If we agree that our children will be inspired and informed by the noble activities of their greatest sporting heroes, we accept they’ll also be disillusioned and damaged by the misdeeds of their very worst?
And where’s the line between these role models we contend teach the virtues of sportsmanship and the only real ambassadors who market the sometimes-mixed messages and potentially damaging products of the corporate paymasters to the youngest and most gullible fans?
No wonder some think “role modelling” is an abrogation of a duty which should land solely with parents and why some celebrity athletes eschew the thought they need to be considered guiding lights.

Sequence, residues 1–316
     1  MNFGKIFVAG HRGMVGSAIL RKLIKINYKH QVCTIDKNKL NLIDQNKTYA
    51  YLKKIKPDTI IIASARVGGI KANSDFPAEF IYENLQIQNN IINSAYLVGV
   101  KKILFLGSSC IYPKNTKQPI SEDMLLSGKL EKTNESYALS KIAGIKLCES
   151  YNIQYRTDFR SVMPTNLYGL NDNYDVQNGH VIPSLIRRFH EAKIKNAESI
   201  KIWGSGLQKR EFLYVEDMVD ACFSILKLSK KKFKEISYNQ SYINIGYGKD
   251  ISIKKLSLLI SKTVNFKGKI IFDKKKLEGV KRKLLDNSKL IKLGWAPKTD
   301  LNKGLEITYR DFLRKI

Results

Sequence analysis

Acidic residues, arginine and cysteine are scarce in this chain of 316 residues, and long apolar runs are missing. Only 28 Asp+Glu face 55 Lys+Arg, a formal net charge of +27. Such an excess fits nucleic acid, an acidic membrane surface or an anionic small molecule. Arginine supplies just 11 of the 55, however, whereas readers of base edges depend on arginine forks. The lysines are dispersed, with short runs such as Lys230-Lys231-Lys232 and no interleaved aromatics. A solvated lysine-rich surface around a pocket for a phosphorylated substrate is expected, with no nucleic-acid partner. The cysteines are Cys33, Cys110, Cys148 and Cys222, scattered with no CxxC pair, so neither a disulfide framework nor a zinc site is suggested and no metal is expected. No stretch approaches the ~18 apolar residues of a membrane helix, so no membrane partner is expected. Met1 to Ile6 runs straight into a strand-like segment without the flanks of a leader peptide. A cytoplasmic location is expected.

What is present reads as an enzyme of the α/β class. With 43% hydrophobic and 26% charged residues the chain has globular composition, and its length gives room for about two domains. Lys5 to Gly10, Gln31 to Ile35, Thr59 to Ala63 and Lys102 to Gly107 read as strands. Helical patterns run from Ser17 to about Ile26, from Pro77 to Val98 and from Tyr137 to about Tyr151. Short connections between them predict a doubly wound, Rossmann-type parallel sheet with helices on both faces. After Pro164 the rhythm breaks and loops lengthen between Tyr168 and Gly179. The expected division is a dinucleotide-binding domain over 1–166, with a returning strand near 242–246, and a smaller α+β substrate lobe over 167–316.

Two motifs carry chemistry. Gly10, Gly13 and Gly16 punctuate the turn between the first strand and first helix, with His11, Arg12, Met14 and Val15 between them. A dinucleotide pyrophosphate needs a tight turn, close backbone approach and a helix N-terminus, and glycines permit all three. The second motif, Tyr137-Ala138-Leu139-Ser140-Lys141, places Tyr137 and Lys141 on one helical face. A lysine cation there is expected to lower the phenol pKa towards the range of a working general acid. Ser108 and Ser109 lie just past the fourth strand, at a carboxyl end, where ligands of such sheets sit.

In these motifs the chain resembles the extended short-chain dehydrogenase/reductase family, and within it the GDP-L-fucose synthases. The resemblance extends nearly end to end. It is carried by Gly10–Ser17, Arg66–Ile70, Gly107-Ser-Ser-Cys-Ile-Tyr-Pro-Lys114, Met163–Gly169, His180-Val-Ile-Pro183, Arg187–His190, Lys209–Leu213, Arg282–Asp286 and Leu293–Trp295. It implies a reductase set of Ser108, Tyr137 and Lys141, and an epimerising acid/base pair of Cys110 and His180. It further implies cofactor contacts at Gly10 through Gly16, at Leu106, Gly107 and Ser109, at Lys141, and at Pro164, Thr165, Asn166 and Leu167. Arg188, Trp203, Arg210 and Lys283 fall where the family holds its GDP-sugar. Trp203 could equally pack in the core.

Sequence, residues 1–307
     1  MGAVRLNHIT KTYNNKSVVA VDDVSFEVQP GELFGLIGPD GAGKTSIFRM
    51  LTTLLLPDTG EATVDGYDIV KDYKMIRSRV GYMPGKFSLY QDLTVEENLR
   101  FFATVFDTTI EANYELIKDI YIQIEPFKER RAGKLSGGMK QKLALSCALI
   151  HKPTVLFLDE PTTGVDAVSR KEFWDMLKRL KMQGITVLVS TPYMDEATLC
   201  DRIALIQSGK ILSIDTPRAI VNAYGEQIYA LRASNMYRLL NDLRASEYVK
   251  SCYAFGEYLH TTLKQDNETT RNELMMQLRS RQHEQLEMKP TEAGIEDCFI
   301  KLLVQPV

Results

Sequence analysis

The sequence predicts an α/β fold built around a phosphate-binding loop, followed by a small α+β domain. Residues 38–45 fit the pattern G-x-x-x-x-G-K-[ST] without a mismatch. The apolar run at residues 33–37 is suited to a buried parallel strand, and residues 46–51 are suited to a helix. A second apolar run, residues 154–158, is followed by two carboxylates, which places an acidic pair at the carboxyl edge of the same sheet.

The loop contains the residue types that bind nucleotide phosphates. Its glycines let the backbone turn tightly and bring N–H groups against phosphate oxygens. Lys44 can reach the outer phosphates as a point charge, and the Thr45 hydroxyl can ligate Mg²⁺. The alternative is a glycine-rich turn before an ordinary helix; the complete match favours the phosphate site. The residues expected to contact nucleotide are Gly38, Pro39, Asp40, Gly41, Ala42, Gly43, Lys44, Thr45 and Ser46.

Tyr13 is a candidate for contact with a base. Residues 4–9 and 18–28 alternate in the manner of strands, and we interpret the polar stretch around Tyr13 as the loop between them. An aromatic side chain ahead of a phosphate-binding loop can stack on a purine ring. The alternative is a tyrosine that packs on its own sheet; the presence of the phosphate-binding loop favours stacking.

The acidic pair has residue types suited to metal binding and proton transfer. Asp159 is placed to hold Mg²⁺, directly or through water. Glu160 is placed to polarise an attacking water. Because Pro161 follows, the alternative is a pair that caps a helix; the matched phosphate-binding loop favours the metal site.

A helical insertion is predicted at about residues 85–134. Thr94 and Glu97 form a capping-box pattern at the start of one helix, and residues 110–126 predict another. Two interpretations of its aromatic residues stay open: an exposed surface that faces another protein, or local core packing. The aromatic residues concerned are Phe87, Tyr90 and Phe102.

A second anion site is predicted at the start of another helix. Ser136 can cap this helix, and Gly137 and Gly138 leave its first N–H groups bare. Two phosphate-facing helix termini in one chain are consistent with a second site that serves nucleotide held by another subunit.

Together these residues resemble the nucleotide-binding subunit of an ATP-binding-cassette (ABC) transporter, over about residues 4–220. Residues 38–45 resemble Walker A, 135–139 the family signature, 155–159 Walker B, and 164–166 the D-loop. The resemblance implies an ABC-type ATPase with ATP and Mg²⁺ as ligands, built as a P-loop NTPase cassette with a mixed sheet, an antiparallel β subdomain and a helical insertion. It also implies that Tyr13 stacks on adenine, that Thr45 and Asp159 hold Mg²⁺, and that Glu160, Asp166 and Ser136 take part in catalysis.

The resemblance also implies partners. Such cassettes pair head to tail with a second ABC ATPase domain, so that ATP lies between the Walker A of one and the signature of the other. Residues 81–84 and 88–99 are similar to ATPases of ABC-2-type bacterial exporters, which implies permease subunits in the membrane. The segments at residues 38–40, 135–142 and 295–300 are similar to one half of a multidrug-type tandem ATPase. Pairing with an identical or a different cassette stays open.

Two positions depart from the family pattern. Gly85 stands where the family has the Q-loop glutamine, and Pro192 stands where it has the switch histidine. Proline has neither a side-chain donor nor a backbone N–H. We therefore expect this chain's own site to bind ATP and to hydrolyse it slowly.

There are currently quite literally not enough playing fields, and locker rooms to include the number of young women turning up to play cricket, Australian Rules and touch rugby, while the impressive number of women playing soccer, netball and basketball stay strong.
A large portion of the anger about the misappropriation of government financing from the “sports rorts” affair was generated by the high demand for specialised female sports centres and, in this instance, the failure to offer these for clubs struggling to deal with overwhelming demand.
In the last few weeks, the origin of the surge in female participation has been writ large, female athletes from several Australian sports performing wonders in high profile competitions throughout the country.
Even if you don’t think your kids should mimic their actions, it’s indisputable these enormously talented girls are why so many children are getting off the couch and turning up at a local sports club in record numbers.